Chicago Prosecutor Thought Charges Against Jussie Smollett Were Too Severe, Texts Reveal

Newly released messages from Chicago's Cook County State Attorney Kim Foxx reveal that she believed the 16 disorderly conduct charges brought against the "washed up" 'Empire' star were harsh.

The Chicago Tribune released emails and text messages from Chicago's Cook County State Attorney Kim Foxx that reveal the prosecutor believed the 16 disorderly conduct charges brought against Jussie Smollett were too harsh.

Foxx — whose office oversaw the Empire star's case — previously recused herself from further participation in Smollett's prosecution in February. However, electronic exchanges show that Foxx continued to discuss the matter with her assistant, Joseph Magats, in March.

In one of her text conversations obtained by the Tribune, Foxx compared Smollett's case to R. Kelly's recent legal battle. In her comparison, Foxx said that the charges brought against "a washed up celeb who lied to cops" seemed severe compared to the sexual abuse charges currently plaguing Kelly.

"Sooo……I’m recused, but when people accuse us of overcharging cases…16 counts on a class 4 becomes exhibit A," Foxx wrote to Magats on March 8.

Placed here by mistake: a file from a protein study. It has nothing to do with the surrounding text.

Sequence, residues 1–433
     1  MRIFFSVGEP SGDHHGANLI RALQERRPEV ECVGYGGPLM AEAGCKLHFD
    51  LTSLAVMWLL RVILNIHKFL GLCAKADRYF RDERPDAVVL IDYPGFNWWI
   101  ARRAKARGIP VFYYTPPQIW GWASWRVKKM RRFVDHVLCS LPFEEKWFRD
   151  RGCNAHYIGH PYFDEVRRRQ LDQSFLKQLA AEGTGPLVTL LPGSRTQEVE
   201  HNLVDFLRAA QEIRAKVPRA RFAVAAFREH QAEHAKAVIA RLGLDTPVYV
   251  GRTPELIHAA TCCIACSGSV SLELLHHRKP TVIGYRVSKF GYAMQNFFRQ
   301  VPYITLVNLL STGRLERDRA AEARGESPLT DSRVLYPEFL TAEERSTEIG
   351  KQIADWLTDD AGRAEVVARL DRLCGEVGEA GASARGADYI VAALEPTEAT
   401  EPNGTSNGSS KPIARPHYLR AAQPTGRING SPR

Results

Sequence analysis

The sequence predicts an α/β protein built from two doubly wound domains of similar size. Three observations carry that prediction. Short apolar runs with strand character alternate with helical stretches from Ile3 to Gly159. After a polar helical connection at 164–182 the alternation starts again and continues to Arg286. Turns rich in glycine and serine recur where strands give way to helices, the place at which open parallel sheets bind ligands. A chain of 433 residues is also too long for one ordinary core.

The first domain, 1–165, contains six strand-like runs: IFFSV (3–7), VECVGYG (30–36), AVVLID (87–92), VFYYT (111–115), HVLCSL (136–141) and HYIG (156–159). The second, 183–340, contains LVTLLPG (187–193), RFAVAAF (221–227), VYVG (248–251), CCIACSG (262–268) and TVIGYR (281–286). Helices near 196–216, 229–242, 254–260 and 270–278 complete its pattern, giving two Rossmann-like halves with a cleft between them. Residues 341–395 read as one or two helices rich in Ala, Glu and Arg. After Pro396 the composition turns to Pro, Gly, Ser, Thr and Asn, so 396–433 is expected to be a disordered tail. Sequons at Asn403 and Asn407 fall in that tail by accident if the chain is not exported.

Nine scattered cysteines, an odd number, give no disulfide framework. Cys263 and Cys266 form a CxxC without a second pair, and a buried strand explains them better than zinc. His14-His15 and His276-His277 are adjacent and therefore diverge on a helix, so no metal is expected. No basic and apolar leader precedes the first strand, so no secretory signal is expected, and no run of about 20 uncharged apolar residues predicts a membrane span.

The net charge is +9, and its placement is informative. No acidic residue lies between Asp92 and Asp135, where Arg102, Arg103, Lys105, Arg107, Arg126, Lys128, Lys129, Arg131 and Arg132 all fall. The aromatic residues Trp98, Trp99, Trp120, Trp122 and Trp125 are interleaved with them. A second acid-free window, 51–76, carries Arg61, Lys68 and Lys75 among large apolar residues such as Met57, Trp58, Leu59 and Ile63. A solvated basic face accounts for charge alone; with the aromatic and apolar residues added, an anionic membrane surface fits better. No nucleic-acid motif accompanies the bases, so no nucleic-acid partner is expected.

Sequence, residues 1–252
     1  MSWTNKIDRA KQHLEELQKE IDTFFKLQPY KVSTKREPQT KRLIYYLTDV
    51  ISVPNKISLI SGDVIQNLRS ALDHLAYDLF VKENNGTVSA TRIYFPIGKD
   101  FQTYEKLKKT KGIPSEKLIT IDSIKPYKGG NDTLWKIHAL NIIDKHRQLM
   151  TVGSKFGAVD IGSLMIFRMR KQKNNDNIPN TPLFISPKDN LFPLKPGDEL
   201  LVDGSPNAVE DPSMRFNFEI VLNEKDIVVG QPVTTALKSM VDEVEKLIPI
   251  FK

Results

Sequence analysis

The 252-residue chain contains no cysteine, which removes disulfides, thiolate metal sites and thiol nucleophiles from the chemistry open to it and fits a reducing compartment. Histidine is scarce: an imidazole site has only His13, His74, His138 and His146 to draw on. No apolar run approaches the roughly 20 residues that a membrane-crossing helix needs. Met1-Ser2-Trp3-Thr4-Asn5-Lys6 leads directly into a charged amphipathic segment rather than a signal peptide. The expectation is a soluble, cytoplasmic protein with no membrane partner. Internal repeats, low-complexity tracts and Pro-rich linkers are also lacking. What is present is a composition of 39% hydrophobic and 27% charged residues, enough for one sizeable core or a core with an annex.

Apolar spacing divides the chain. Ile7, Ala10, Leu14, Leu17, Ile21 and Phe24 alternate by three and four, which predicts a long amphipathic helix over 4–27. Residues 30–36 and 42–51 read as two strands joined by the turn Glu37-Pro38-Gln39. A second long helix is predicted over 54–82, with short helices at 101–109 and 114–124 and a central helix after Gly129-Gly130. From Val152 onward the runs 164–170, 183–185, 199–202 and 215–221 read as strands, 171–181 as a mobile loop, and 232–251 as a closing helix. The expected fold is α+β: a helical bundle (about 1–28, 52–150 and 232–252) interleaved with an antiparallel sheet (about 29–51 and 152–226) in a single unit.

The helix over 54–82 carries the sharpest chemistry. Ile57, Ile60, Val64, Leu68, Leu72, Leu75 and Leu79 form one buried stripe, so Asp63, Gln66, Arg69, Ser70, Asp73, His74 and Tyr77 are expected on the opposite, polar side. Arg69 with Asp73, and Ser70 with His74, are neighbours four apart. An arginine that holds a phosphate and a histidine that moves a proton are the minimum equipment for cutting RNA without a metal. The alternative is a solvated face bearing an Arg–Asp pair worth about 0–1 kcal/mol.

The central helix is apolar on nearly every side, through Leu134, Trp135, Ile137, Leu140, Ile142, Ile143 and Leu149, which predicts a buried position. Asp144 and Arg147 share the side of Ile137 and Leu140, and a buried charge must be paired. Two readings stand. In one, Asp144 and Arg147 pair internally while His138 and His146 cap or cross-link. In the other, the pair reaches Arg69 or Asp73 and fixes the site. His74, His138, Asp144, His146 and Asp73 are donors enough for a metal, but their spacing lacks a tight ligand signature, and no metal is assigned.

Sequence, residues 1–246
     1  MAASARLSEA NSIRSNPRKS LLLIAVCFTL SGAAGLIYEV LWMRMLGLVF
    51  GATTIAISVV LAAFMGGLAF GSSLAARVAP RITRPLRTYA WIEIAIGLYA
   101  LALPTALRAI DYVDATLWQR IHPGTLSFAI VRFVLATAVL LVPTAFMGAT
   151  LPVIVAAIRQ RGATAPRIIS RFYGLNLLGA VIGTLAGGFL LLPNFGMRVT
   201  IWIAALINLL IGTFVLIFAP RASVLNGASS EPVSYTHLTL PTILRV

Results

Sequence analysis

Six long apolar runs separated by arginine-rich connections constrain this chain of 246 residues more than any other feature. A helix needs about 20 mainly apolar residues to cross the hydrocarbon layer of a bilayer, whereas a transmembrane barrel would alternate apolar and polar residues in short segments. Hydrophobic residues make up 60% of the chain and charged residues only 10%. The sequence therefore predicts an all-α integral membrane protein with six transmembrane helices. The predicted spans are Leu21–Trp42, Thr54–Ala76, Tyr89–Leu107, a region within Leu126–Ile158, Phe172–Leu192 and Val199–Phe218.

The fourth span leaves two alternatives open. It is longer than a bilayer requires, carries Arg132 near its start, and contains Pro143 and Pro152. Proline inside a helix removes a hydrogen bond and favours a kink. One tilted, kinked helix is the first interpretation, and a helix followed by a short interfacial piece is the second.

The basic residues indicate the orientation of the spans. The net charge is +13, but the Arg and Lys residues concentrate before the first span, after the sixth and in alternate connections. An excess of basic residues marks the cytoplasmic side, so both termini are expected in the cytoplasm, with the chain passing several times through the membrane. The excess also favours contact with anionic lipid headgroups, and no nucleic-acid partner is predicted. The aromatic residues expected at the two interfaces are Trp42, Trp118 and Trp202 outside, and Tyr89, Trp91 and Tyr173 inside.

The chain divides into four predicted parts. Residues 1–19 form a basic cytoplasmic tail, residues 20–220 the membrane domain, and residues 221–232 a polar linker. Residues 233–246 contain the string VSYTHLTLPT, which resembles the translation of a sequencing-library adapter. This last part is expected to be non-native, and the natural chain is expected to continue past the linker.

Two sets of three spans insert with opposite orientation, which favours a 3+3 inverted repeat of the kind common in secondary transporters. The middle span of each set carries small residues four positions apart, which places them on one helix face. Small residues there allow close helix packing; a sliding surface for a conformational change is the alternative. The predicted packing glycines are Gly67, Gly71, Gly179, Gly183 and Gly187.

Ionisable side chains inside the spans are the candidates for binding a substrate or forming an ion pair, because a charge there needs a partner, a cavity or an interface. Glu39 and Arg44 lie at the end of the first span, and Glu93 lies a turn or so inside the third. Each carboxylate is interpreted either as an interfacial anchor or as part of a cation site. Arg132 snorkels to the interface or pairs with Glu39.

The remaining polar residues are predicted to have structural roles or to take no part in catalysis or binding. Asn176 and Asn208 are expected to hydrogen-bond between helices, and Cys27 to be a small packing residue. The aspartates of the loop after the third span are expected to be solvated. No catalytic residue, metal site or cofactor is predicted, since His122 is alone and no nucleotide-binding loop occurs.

"Pedophile with 4 victims 10 counts. Washed up celeb who lied to cops, 16. On a case eligible for deferred prosecution I think it’s indicative of something we should be looking at generally. Just because we can charge something doesn’t mean we should," she added.

Two weeks later, the charges against Smollett were dropped. In a statement to the The Hollywood Reporter, Foxx explained why she discussed Smollett's case after recusing herself. 

"After the indictment became public, I reached out to Joe to discuss reviewing office policies to assure consistencies in our charging and our use of appropriate charging authority," she wrote. "I was elected to bring criminal justice reform and that includes intentionality, consistency, and discretion. I will continue to uphold these guiding principles."

Smollett was accused of orchestrating a Jan. 29 attack in Chicago, which he suggested was a racist and homophobic hate crime. Smollett — who is openly gay and black — previously claimed that his assailants shouted racist and homophobic slurs, as well as pro-Trump language such as, "This is MAGA country!" Police later said that Smollett paid Nigerian brothers Ola and Abel Osundairo to stage the attack in an attempt to further his acting career. Smollett and his lawyers vehemently maintain his innocence.

In February, Kelly was charged with 10 counts of aggravated criminal sexual abuse. Chicago prosecutors claim the singer sexually abused four females, including three underage girls, with the alleged abuse occurring between 1998 and 2010. Kelly has denied all allegations.

April 17, 9:27 a.m. Updated with Kim Foxx's statement to The Hollywood Reporter